Marriages, families and friendships probably broke up when TV screens flickered with static, instead of images. Static was what the pulsating black-and-white worms were called that filled the space between TV channels back in the analogue days, when people argued and raged as they were woken from their blissful zoned-out TV-induced slumber. It signalled an unpleasant inbetween state, a disturbing aural and visual experience. It was a sort of sensory limbo, as though if it were left on for long enough, while some poor person was hanging on to the edge of the roof trying to get a better signal, it would grow on you and the static of the static-ness became curiously comforting. In his exhibition at Circa Gallery Cape Town, appropriately entitled No Signal, Richard Penn offers all shades of "static" in a series dubbed Noise. Rendered in pretty retro-colours of lime green paired with orange, or yellows with browns and orange, Penn’s oil paintings of "static" veer more to the pleasing, co...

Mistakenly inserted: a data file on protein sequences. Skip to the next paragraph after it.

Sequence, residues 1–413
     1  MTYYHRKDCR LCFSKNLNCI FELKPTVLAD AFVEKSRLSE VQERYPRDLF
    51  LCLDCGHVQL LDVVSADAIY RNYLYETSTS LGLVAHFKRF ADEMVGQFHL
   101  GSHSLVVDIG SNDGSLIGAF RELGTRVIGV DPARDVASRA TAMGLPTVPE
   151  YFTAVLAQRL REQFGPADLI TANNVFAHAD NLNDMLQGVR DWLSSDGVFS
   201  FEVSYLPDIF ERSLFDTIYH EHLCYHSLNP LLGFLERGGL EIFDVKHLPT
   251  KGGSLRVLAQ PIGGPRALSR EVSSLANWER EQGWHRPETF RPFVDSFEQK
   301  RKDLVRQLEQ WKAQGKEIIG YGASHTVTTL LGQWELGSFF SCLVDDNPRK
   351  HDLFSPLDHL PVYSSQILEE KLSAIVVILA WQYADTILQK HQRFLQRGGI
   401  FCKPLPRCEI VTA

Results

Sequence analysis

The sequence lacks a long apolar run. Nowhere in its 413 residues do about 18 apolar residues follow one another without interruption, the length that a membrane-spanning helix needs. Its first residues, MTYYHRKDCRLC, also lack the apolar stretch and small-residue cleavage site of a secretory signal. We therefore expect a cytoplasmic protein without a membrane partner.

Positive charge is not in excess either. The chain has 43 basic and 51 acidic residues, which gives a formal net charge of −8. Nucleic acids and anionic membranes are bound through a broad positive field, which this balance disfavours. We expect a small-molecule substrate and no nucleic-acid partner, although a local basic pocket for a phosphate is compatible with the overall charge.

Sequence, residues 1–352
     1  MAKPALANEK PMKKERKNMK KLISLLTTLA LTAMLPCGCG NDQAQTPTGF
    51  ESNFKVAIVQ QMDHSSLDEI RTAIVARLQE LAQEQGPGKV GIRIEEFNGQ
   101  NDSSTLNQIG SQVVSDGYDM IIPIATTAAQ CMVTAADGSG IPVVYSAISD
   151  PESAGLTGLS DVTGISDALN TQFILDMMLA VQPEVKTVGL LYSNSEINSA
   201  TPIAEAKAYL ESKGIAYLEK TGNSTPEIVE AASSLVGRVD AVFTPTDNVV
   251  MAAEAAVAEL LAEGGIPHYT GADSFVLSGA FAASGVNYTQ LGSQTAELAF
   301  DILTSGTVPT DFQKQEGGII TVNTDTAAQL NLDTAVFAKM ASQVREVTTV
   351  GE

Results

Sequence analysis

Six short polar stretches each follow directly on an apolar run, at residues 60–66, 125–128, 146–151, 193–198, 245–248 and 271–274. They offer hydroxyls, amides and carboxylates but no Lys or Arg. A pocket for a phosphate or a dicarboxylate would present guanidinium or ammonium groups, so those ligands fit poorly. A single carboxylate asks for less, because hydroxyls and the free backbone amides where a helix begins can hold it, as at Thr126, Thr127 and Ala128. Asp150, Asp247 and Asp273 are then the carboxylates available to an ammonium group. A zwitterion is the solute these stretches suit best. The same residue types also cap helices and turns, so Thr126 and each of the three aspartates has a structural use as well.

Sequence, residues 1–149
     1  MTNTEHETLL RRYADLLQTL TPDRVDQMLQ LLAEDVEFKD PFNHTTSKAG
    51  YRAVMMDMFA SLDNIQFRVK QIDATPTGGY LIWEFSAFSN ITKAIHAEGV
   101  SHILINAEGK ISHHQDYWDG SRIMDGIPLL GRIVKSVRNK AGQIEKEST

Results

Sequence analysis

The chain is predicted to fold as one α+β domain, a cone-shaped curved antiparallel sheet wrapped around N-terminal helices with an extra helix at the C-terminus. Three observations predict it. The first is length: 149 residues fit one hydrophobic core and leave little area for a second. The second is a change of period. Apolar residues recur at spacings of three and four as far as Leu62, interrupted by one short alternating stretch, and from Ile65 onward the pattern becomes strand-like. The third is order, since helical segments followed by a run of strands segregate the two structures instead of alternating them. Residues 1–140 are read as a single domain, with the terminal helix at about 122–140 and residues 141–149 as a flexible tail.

Subscribe now to unlock this article.

Support BusinessLIVE’s award-winning journalism for R129 per month (digital access only).

There’s never been a more important time to support independent journalism in SA. Our subscription packages now offer an ad-free experience for readers.

Cancel anytime.

Would you like to comment on this article?
Sign up (it's quick and free) or sign in now.

Speech Bubbles

Please read our Comment Policy before commenting.